Cathy Miller: Living For The Stars

by Jan Vanderhorst

May 1999



All right, exactly why are we buried six feet under when we die? Why not four or five feet? Does it make that much of a difference? That's a question singer-songwriter Cathy Miller had to answer awhile ago on a radio program. Since 1993 this Calgary-based performer has written songs for the CBC Radio show "That's A Good Question". Listeners write in for answers to life's oddities and conundrums and occasionally Cathy would write songs that would answer some of these questions. "God Bless The Backhoe"is one such song.

England was inspired, though it made grave diggers tired
To dig the hole four feet by eight by six
So the husband could be buried atop the wife that he had married
With two feet left to plant the crucifix.

"God Bless the Backhoe" can be found on Cathy's new CD "Living For The Stars".

"This is the first time I've ever recorded any of the light-hearted stuff I do on stage", says Cathy, "people know me in performances as being quite eclectic. There's jazz, there's folk 'angst', there's humour, there's a cappella, there's everything. I've got it all on this album."

The new recording, on her own Sealed With A Kiss label, is Cathy's fourth release. It's also a piece of work specifically arranged with her audience in mind.

"The CD was designed so that when people took it home from my live performances, they'd hear pretty much hear the same (treatment of the songs). On this album I go back to my acoustic roots. It's a very sparse album featuring me and maybe two other people on each track. (As a result) you can hear the center core of my voice and my guitar playing much more clearly."

Although Cathy's musical roots stem from folk music, her love of jazz has been evident for a number of years now. "My second album, done in 1988, was very jazzy. I had a full jazz band and it was really great to sing with a band like that. But what I found was, it was quite difficult to sell the album because I wasn't touring with that band."

With "Living For The Stars", Cathy approaches her jazz leanings from the perspective of a folkie. "I'm finding that fun to do right now", she says, "and it's very challenging to do. I've dipped into some of the classic, standard repertoire. 'My Funny Valentine' I've been performing on stage for years, (but I) never got around to recording it, because I didn't want it overshadowed by a band. What I found really worked (in performing the song) was just me, the guitar and the song. So I wanted to keep that acoustic edge to the jazz, so that it was acceptable to my audience, but still challenging for me."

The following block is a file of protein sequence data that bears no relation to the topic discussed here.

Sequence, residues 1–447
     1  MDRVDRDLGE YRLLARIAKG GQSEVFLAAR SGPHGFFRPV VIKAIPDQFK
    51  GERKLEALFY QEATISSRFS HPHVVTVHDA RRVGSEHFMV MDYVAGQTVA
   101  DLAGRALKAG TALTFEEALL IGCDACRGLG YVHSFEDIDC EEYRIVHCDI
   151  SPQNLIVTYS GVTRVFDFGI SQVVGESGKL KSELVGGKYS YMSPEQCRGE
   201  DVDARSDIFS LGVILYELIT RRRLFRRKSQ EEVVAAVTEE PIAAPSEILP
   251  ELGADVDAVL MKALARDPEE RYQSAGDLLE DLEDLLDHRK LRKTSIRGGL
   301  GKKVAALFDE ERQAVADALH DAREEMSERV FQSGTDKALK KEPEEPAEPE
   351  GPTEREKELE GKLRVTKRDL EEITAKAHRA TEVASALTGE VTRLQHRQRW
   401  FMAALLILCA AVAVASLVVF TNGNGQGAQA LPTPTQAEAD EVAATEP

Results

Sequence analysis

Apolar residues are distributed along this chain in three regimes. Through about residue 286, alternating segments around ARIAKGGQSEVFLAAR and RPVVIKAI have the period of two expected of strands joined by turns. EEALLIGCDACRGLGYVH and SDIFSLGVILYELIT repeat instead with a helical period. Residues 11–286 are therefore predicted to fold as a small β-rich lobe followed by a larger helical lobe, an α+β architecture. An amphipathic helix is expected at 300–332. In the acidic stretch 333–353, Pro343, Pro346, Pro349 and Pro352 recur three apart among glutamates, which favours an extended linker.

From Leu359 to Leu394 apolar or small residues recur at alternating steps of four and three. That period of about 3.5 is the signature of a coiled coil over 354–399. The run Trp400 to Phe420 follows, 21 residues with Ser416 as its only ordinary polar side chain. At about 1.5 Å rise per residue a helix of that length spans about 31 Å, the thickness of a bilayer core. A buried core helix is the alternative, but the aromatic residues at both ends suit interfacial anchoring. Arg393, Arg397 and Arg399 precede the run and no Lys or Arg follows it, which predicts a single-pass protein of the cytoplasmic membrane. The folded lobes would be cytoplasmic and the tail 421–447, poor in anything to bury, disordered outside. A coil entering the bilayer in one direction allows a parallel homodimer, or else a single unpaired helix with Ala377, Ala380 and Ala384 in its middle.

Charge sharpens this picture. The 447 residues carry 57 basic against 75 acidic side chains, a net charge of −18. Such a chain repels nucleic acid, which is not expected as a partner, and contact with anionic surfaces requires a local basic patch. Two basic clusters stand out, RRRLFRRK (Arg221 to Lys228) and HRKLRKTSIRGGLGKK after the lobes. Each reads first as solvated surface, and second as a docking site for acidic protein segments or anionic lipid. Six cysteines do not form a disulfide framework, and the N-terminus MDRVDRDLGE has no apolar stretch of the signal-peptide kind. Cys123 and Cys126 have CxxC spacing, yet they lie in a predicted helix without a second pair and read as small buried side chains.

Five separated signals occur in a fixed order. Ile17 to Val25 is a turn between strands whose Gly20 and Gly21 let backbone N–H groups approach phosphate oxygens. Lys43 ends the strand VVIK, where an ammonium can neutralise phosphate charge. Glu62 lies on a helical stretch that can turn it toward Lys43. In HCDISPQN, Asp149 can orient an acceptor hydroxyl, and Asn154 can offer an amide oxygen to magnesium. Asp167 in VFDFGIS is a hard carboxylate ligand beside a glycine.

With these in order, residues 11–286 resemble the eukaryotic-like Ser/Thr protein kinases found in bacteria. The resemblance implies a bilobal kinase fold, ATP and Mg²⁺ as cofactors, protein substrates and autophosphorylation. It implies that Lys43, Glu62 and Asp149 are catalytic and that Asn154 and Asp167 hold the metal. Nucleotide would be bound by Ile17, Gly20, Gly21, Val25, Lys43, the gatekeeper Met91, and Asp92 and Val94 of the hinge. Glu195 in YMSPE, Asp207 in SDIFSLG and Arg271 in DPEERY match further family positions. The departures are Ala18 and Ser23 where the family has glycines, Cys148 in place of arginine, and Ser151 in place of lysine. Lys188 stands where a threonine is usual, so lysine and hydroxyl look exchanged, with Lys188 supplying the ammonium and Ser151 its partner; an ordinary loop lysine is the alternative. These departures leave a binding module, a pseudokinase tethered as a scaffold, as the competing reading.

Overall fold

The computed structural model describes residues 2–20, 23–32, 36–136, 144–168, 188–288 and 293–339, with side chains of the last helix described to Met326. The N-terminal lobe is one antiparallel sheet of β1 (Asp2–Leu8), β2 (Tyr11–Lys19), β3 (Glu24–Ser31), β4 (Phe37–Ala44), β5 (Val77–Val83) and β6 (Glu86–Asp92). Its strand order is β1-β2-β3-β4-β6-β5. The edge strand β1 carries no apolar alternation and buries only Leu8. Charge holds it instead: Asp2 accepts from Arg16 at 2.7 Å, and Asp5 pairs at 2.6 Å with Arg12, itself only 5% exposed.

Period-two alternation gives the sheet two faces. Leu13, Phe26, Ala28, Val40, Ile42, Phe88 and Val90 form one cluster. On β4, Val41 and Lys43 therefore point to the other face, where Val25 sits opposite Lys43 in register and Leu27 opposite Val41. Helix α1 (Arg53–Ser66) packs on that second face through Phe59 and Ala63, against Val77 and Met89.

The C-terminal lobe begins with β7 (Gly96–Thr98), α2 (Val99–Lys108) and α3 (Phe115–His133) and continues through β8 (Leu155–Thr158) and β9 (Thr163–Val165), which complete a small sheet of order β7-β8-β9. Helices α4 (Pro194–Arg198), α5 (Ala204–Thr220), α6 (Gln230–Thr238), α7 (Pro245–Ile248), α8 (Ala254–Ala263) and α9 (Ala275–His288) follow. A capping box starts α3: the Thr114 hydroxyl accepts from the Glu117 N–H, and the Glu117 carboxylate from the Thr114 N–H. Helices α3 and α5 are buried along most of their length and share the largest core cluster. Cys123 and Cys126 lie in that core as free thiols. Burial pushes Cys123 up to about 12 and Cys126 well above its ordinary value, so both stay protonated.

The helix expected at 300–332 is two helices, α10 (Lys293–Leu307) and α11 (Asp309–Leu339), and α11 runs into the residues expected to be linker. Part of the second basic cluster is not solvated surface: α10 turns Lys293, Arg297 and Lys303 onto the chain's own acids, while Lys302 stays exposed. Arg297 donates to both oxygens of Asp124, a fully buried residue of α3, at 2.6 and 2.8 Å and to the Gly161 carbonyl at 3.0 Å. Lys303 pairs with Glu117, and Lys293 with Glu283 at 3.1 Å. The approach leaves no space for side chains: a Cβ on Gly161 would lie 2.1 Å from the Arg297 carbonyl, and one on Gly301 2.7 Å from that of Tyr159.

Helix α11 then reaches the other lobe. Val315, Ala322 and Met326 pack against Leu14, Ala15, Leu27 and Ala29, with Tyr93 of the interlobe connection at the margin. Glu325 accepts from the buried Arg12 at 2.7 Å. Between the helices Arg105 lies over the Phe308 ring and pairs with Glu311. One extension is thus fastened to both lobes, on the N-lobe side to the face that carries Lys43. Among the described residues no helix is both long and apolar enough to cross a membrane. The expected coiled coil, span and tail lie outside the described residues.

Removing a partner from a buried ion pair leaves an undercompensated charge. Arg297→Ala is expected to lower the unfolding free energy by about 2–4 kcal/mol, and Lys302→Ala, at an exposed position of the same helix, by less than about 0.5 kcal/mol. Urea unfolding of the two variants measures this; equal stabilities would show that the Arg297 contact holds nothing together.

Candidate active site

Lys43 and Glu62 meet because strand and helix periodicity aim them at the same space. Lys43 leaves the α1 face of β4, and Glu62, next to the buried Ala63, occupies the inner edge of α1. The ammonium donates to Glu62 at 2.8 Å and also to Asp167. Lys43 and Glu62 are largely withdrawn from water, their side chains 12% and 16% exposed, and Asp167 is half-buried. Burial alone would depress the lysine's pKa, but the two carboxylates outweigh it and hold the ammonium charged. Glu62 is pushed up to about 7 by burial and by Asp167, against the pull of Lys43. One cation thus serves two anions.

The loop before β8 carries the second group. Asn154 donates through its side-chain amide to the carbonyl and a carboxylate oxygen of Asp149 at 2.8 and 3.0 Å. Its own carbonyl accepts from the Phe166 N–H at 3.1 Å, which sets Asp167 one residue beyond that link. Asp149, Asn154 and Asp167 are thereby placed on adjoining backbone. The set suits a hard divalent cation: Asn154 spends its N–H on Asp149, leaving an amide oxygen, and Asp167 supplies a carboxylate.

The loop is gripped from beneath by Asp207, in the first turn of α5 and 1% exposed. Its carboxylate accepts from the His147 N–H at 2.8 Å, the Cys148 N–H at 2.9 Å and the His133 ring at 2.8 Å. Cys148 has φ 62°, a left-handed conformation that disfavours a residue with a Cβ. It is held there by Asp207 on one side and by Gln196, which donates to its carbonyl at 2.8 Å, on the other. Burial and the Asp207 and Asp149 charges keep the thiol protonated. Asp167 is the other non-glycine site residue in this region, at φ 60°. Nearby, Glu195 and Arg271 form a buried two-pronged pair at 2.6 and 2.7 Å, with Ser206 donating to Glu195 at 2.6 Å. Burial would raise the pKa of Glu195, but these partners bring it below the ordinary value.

The challenge of writing a song on demand, on a specific topic, was something Cathy faced at a 1989 folk festival. The artistic director asked four songwriters at the beginning of the festival to each write a song about whirlpools, which they would then perform at the closing of the festival. Cathy's contribution was "Whirlpool Of Love".

"I guess I call it fluff stuff, very light-hearted and fun. I'm moving away from the angst-ridden days of my youth", she says with a laugh. Songs of a serious nature though, are the mainstay of Cathy Miller's repertoire. "Cumberland" looks back at a shameful episode of Canada's history.

"(It's about) how we treated Chinese coal miners just before and during the Great Depression. The Chinese coal miners were intrinsic and deeply important to the coal mining on Vancouver Island. When jobs started getting tight, they were turfed. (The song) is really about the glory days of Cumberland, which now is pretty much a ghost town."

Now you won't hear Chinese fireworks on New Year's Eve
Or see two hundred pigs herded down Main Street
No orchestra, no theatre, no smoky gambling halls
Just some faded photographs on museum walls.

The album "Living For The Stars" was produced by David K, one of Cathy's cohorts in "Trilogy", which also includes Eileen McGann. Trilogy tours through late November and well into December with a show they call "Two Thousand Years Of Christmas". The show highlights various aspects of the Christmas celebration, using both traditional and original songs. Their CD, also called "Two Thousand Years Of Christmas, runs the gamut from 15th and 16th century carols to "You're A Mean One Mr. Grinch". Original songs include Cathy's "Tonight Is For Christmas" and Eileen's "Turn It Around". If that wasn't enough to keep her busy, Cathy runs a bed and breakfast business in Calgary with her husband John.

"We hope when we get back from touring in mid-June", she says, "we'll be full (with guests) all summer."

For more information on Cathy Miller, check out her website at

For information on Trilogy, check out

Jan Vanderhorst can be reached at